Altria group and Juul recently claimed that FTC’s antitrust complaint was wrong. Both sides said that the investment and merger activities were conducive to market competition and to consumers.
Altria Group Inc. and Juul labs, Inc. responded to FTC’s April complaint by saying the above.
FTC accused Altria of acquiring 35% of Juul and the corresponding agreement violated the Sherman Antitrust Act and Clayton Act.
The Committee believes that the transaction illegally reduces competition and consolidates the e-cigarette market, and will allow the two companies to split the resulting monopoly profits.
Altria’s response began with a list of business reasons for its recent e-cigarette market trends.
The measures include withdrawing their e-cigarette products after claiming that consumer interest is low, licensing the Chinese company’s bomb e-cigarettes, suspending all its e-cigarette businesses, and agreeing to invest $12.8 billion in Juul in exchange for a 35% stake in December 2018.
Altria argued that the FTC complaint was based on a flawed premise that consumer welfare would be improved if it continued to sell products that it concluded would not ultimately pass FDA review.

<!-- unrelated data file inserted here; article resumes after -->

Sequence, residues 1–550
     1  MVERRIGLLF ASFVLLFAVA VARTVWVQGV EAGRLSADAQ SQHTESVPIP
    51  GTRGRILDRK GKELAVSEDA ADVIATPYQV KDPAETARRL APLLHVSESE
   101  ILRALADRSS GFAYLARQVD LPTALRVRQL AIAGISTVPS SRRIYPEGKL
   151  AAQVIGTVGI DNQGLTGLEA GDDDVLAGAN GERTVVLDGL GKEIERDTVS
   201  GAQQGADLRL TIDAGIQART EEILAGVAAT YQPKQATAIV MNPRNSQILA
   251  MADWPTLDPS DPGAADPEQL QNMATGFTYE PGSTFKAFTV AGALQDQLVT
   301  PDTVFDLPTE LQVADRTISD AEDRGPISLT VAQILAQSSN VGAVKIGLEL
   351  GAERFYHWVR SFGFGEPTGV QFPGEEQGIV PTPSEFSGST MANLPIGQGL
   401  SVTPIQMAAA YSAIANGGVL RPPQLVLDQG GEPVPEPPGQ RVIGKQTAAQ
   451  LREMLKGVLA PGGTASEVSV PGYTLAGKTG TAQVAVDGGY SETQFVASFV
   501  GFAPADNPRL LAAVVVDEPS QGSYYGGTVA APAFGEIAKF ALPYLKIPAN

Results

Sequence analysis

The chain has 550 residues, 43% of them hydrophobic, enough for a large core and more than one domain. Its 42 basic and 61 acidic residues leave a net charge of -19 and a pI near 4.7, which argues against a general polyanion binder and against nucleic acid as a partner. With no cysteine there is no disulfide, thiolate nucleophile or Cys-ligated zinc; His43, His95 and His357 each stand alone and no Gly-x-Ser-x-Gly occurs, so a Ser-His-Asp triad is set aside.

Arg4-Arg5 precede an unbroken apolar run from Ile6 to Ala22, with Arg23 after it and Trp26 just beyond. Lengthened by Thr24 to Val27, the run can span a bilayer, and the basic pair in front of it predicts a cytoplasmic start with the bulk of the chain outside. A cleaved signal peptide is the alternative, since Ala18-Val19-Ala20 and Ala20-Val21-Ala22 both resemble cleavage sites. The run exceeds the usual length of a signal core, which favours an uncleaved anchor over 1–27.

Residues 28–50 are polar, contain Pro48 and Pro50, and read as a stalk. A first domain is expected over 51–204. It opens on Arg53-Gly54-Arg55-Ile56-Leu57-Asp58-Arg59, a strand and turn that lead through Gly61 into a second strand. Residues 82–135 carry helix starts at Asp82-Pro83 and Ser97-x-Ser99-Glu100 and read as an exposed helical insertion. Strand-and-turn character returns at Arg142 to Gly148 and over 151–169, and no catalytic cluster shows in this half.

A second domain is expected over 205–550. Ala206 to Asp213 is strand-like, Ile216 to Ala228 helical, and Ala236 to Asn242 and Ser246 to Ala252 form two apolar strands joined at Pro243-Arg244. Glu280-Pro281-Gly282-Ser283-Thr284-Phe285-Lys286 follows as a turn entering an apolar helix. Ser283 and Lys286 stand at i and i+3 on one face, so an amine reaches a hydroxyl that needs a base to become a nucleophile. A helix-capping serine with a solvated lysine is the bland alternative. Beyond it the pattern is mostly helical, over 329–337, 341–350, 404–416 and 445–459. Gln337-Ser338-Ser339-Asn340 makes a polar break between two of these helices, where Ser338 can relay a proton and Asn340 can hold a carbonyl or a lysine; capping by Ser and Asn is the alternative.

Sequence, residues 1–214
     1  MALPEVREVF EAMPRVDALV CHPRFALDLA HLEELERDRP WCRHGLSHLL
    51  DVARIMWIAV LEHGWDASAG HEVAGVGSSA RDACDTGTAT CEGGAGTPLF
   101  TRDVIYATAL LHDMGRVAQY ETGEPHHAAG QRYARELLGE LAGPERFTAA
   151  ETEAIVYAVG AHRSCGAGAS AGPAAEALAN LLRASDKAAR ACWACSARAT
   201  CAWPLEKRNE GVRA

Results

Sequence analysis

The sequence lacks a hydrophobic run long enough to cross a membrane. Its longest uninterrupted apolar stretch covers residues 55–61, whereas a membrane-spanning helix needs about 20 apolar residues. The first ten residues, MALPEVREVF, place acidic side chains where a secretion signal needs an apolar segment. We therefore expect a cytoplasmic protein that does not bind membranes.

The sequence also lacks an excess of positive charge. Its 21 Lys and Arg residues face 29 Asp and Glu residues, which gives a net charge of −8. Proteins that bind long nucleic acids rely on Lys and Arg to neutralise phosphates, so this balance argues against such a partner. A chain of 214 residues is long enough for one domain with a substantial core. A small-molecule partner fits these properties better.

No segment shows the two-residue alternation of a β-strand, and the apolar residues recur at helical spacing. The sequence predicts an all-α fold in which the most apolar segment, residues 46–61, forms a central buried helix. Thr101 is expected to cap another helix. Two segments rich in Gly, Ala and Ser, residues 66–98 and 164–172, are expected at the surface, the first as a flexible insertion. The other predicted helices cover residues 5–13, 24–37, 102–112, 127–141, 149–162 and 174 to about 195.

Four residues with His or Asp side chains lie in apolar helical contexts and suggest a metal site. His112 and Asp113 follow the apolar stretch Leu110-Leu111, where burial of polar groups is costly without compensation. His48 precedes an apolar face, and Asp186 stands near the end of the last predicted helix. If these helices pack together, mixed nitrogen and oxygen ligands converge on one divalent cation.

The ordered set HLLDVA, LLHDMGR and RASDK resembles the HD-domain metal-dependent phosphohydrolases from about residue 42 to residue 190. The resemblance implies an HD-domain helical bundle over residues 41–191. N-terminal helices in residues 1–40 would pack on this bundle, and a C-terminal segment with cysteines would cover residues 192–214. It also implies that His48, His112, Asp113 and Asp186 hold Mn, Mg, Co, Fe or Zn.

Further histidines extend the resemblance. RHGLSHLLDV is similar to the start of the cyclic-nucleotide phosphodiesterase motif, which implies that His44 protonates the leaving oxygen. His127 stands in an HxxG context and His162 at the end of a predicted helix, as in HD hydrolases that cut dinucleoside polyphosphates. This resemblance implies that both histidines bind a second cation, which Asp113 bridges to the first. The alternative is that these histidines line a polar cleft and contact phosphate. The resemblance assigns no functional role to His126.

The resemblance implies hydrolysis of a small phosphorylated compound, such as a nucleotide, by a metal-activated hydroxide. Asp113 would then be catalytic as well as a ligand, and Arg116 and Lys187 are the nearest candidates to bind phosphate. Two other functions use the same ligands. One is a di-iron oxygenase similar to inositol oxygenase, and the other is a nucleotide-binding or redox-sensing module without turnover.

The response also accused the Commission of failing to recognize the economic and legal limitations unique to the highly regulated market for nicotine products.
Althea said the fingertips were completely wrong.
Juul made a similar response, pointing out that the core of the Commission’s case was the allegation that Altria had suspended its struggling electronic vaporization products because of its investment in Juul and the relevant agreements between the two parties.
However, it claims that these decisions were made by Altria alone, before the parties even reached an agreement.
The company also said that the problematic Altria product had a small market position and was a factor in Juul’s competitive decision-making.
FTC’s view is different.
According to the complaint and statement on the case, FTC considers Altria and Juul as important competitors in the e-cigarette market, and their competition has brought lower prices and higher quality / more innovative products to consumers. However, when Juul could not be prevented from becoming a leader in the e-cigarette market, Altria group (formerly Phillip Morris) used its large resources to join Juul and withdraw from the e-cigarette market at the same time.
FTC argues that this process reduces competition in the e-cigarette market and leads to illegal monopolies and mergers.
Perhaps stimulated by the FTC challenge, a group of private litigants have made it a task for defendants to commit similar violations of the so-called Sherman Act and the Clayton Act. The defendant has not responded to the class action, which is still before Judge William H. Orrick of the Northern District of California.
Both actions could determine whether Altria can persuade fact finding investigators that its e-cigarette business has actually failed, not just behind its competitors. If it works, then Altria’s business can be solved.
Trading doesn’t reduce competition because it will stop competing in this market anyway. If not, Altria and Juul will try to explain how the deal does not illegally harm competition or consolidate an already highly concentrated market.